Ford puts the Focus on size in new 1-litre
ANYONE REMEMBER the petrol engine? The fixation on diesel in Ireland is incredible, a seismic shift in consumer tastes driven by a 2008 change in tax policy to focus on engine-emissions ratings rather than engine size.
Few, if any, Government policies have achieved their goals so comprehensively. Diesel offered lower emissions and therefore lower tax outlays. Irish consumers will always be led by their wallets. Reports from the dealer forecourts suggest that customers will countenance nothing but diesel these days.
Well, brace yourselves for the return of the petrol engine. For the past few years, while we were embracing diesel, the engineers back at the car firms have been turning their attention to petrol. And not any old petrol engines but small three-cylinder blocks that you wouldn’t expect to find in a city car, never mind a family hatchback.
First up is Ford with its new one-litre Focus, but a host of rivals are soon to follow, offering lower-priced motoring fun with smaller, frugal petrol engines. To put some perspective on the scale of this engine, Ford claims that, when removed from the car, this little engine would sit on an A4 page. Its secret lies in combining three cylinders with variable valve timing, a miniature turbo, advanced electronics and an advanced direct fuel injection system. The result is a game changer.
The first time we drove this three-cylinder one-litre Focus I expected to be pushing it up hills. Around a challenging test track in France, with tight twisting bends, fast straights and near vertical hills, I feared it would need a tow truck. In fact the diminutive one-litre kicked out so much torque that journalists asked the engineers whether this car was preprepared for the press test, a ringer in the ranks. The reality is that this is no ringer: it’s a riot.
The one-litre engine puts out either 100bhp or 120bhp and does so with great aplomb. And it’s incredibly refined – so much so that you could mistake it for a larger four-cylinder block. You barely hear it start, and even when you kick down it doesn’t whine like a sewing machine in overdrive but hums along like a much larger block. It’s also agile enough to comfortably sit at 3,000rpm at motorway speeds without a murmur of complaint.
The problem it faces is perception. The Focus has a strong fan base; it’s the bestselling car for the first six months of the year, so it’s off to a good start. We had a few friends over during the week and took them for a spin. Their current cars are a VW Golf and an old Hyundai, both small family cars of the Focus ilk. First impressions were positive. They liked the pep of the new Focus, the styling and the interior. They were impressed by the relatively low emissions (109g/km for the 100bhp and 114g/km for the 120bhp), but only when it was made clear that this means an annual motor-tax bill of €160 rather than the €330 and €358 they respectively pay.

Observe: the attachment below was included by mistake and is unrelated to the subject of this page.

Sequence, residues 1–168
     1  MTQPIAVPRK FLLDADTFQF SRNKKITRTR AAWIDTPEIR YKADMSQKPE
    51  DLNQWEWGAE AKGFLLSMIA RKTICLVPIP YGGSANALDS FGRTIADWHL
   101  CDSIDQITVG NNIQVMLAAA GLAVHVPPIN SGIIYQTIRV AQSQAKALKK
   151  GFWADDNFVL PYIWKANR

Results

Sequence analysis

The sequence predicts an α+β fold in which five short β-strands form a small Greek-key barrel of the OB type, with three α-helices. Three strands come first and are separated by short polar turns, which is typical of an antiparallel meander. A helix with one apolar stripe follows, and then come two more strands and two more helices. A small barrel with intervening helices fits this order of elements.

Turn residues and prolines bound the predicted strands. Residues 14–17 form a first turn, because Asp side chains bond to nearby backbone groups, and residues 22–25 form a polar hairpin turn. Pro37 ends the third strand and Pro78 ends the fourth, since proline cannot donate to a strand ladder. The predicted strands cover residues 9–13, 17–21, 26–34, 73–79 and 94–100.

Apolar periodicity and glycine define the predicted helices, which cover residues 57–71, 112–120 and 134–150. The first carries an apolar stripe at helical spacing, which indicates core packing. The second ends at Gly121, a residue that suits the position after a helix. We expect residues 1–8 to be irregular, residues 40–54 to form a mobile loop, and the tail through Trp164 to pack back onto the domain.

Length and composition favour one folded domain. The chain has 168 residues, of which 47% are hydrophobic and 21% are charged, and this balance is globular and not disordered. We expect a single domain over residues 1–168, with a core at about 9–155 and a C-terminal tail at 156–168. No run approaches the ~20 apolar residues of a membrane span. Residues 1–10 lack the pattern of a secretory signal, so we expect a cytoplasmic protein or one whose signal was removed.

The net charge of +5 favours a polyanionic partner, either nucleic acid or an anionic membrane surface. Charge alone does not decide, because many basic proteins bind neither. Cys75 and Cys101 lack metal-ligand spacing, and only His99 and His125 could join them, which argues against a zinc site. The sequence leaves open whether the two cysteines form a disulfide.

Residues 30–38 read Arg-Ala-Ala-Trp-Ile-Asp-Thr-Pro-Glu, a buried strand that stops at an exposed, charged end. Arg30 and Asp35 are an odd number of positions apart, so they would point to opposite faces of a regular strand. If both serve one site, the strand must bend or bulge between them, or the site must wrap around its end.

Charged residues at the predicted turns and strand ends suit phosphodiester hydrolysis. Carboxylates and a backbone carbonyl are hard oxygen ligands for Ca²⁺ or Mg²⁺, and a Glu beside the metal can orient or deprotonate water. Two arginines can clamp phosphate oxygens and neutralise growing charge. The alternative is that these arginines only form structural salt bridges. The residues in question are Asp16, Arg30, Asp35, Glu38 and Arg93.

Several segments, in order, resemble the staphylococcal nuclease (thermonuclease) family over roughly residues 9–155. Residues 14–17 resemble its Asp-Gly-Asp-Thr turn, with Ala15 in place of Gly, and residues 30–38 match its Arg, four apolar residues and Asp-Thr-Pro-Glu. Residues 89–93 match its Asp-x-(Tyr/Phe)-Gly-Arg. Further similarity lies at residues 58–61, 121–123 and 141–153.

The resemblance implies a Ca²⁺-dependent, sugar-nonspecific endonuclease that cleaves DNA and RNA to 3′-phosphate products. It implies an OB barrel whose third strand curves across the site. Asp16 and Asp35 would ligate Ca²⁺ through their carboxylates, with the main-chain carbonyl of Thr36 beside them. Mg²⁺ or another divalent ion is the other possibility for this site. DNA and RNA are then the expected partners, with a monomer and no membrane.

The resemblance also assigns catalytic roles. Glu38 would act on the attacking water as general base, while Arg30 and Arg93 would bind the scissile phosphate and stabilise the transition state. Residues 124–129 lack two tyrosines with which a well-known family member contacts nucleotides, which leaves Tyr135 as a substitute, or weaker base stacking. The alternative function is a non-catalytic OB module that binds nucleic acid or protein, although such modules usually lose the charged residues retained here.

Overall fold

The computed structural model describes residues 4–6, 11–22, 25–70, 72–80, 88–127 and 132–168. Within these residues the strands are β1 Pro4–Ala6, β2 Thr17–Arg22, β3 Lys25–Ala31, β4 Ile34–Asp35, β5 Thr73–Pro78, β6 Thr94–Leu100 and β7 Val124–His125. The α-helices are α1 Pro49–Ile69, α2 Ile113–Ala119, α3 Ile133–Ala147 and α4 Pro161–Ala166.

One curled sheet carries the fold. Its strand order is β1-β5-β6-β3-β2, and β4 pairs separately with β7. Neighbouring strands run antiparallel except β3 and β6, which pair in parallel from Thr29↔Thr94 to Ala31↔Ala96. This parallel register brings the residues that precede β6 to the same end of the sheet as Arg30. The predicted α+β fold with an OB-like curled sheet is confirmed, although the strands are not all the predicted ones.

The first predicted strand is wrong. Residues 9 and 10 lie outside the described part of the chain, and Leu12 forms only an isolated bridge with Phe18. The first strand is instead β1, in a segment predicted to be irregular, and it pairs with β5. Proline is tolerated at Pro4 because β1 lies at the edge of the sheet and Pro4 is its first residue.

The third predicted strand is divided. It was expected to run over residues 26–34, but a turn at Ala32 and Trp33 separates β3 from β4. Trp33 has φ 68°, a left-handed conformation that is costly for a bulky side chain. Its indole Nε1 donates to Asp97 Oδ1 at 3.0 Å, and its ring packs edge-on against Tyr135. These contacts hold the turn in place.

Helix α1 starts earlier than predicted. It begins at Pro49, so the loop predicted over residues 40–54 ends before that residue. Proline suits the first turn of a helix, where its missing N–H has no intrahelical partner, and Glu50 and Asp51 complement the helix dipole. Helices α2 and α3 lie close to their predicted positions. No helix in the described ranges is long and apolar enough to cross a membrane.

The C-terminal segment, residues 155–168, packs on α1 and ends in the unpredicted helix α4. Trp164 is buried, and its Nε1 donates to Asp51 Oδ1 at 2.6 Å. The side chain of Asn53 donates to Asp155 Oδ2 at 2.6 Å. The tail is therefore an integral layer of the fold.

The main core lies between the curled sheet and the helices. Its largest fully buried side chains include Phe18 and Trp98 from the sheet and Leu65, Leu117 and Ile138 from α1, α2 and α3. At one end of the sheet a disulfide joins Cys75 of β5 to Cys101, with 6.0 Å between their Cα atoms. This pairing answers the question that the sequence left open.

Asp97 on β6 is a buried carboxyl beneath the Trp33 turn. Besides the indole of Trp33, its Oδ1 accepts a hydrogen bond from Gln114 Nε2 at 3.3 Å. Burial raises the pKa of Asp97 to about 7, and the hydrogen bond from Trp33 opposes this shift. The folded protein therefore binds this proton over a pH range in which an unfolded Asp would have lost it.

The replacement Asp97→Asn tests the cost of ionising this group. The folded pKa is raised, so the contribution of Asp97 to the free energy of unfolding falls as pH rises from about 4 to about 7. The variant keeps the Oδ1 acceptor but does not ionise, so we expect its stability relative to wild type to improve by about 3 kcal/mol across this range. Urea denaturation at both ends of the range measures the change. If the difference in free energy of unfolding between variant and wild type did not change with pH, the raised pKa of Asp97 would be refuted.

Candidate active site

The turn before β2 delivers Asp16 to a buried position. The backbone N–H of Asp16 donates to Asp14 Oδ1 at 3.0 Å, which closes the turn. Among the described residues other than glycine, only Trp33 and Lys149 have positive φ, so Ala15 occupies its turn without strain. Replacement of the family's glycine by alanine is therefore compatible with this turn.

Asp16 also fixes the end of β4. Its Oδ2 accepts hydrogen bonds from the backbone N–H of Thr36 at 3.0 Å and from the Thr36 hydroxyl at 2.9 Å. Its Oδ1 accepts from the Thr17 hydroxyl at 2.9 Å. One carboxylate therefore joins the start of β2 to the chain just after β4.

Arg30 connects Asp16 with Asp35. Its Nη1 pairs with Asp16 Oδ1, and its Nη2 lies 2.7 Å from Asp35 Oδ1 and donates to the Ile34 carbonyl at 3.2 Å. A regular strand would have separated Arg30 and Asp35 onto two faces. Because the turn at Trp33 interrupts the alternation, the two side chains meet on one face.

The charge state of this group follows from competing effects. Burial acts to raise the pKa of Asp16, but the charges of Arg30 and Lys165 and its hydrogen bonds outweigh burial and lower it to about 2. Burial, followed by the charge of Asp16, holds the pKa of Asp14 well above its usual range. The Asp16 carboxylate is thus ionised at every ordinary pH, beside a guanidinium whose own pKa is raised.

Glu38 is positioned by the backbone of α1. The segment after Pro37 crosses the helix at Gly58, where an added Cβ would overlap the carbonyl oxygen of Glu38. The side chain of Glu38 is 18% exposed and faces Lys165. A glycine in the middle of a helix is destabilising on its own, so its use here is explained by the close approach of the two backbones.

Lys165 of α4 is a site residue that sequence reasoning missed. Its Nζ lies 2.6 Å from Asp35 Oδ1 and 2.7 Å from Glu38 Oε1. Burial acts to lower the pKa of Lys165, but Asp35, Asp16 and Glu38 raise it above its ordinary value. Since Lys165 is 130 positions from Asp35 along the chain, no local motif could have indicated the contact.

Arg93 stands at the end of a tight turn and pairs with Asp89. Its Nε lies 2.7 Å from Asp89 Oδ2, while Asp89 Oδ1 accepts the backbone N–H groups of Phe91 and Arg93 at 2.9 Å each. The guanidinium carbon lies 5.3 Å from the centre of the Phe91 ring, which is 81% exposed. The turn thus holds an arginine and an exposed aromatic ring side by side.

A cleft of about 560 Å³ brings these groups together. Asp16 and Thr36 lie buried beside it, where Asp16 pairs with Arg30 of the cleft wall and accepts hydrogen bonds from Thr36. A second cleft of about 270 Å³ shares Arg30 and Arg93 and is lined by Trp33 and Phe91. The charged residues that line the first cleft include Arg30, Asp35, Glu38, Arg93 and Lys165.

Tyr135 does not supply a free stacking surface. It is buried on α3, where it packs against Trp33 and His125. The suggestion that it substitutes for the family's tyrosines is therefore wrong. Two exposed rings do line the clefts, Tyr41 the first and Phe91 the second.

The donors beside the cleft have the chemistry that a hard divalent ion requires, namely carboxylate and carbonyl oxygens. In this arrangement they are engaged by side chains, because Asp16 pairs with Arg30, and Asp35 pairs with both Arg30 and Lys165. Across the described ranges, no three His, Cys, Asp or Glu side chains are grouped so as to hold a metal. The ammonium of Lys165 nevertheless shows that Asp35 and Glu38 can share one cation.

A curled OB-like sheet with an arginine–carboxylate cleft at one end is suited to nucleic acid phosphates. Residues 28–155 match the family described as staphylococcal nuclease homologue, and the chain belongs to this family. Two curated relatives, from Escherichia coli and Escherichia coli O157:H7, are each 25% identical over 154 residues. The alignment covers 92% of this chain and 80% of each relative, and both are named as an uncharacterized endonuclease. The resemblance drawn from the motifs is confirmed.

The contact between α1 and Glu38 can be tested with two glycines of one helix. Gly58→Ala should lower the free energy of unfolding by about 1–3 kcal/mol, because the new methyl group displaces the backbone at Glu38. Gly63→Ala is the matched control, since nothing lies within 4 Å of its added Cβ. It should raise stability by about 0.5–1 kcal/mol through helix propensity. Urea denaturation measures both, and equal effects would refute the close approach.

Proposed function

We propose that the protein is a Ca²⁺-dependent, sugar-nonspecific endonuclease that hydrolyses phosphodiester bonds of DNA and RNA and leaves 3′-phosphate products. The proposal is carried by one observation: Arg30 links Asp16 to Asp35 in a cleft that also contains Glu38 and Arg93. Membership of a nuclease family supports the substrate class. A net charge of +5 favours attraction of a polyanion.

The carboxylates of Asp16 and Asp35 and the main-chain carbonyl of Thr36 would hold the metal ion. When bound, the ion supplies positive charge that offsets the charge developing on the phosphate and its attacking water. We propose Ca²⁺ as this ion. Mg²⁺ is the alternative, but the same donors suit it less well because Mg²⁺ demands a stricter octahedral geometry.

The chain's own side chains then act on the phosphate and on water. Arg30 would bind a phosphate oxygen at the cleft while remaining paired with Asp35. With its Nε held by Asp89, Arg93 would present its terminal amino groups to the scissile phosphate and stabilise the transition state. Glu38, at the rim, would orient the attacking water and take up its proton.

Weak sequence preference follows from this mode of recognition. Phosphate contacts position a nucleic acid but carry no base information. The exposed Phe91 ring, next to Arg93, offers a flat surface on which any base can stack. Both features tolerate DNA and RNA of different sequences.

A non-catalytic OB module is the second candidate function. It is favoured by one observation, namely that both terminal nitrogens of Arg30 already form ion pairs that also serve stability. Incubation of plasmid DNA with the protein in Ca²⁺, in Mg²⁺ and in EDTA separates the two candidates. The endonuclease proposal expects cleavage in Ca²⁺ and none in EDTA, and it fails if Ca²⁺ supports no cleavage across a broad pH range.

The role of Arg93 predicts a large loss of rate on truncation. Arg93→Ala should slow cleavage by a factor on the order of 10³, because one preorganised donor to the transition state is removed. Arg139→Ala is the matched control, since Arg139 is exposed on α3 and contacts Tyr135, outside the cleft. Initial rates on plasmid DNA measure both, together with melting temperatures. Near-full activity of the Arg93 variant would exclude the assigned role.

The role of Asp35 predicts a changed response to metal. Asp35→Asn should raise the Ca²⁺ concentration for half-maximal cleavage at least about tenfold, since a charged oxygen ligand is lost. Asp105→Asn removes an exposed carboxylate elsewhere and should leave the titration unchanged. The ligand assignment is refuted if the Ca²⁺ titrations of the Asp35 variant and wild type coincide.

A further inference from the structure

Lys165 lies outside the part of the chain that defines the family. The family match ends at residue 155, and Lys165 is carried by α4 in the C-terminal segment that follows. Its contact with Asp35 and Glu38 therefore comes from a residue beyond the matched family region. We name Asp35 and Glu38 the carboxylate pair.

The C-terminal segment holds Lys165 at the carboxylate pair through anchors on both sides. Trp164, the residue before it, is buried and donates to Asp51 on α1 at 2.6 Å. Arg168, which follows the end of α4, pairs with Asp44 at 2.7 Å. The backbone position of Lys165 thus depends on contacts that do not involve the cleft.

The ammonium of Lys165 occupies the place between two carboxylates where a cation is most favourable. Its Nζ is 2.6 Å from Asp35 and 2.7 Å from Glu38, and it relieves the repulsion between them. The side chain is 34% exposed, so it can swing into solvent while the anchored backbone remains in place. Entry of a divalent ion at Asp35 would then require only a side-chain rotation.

My criticisms of the interior switch gear and controls were falling on deaf ears at this stage as I told them the price started at €21,485. Both thought it a bit steep but perhaps within the realms of possibilities for a new car with a warranty and a 12-reg plate to impress the neighbours. Then I let them in on the secret under the bonnet. It was a petrol engine.
It was a one-litre petrol engine.
They couldn’t get their heads around the fact that a car this size could perform this well with such a small engine. You could see from the facial contortions that they were struggling with the reality of what it was like in the car and the information I was delivering to them. It was like trying to explain evolution to a group of creationists.
They could see the facts laid out before them, but the challenge to their belief system was too great to fathom. Moving from petrol to diesel was going to be difficult enough, but to a little three-pot petrol was motoring heresy. They feared becoming the laughing stock of the neighbourhood. A throwaway remark as we parted summed it up. “Nice car, but that engine’s smaller than my wife’s Renault Clio.”
Irish people might have bought into the emissions system for financial practicalities, but there’s still a machismo about engine size that Ford, and the motoring world’s engineers, will have to overcome. Size still matters.
Yet the motoring world is changing. Turbos are making a comeback on petrol engines, and we’d be fools to miss out.
This is a remarkable engine and rightly deserves its International Engine of the Year title, which it picked up last month. It heralds a new dawn for petrol engines – without demanding drivers to sacrifice on fun or finance. This one-litre Focus needs to be driven.
ENGINEA three-cylinder putting out 100bhp or 120bhp thanks to new variable valve timing, a miniature turbo, advanced electronics and an advanced direct fuel injection system
FUEL ECONOMY100bhp – 4.8
L/100KM (58.9 mpg); 120bhop – 5 L/100km (56.5mpg)
EMISSIONS(MOTOR TAX) 109g/km for 100bhp; 114g/km for 120bhp version (both €160)
PRICEStarting at €21,485 for 100bhp version (120bhp test car €24,235)
A remarkable engine that punches beyond expectations